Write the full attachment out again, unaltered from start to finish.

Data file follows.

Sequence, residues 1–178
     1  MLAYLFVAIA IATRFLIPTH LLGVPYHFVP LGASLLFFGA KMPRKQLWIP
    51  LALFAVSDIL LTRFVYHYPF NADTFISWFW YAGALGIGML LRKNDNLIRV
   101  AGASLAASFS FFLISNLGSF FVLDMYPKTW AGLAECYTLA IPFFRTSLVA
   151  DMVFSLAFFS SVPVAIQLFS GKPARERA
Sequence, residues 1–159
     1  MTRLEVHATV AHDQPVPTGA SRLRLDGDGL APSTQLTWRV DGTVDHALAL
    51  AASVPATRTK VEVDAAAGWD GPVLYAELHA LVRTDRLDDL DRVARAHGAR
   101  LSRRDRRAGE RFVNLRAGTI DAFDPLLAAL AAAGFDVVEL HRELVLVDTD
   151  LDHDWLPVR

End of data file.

Sequence, residues 1–178
     1  MLAYLFVAIA IATRFLIPTH LLGVPYHFVP LGASLLFFGA KMPRKQLWIP
    51  LALFAVSDIL LTRFVYHYPF NADTFISWFW YAGALGIGML LRKNDNLIRV
   101  AGASLAASFS FFLISNLGSF FVLDMYPKTW AGLAECYTLA IPFFRTSLVA
   151  DMVFSLAFFS SVPVAIQLFS GKPARERA
Sequence, residues 1–159
     1  MTRLEVHATV AHDQPVPTGA SRLRLDGDGL APSTQLTWRV DGTVDHALAL
    51  AASVPATRTK VEVDAAAGWD GPVLYAELHA LVRTDRLDDL DRVARAHGAR
   101  LSRRDRRAGE RFVNLRAGTI DAFDPLLAAL AAAGFDVVEL HRELVLVDTD
   151  LDHDWLPVR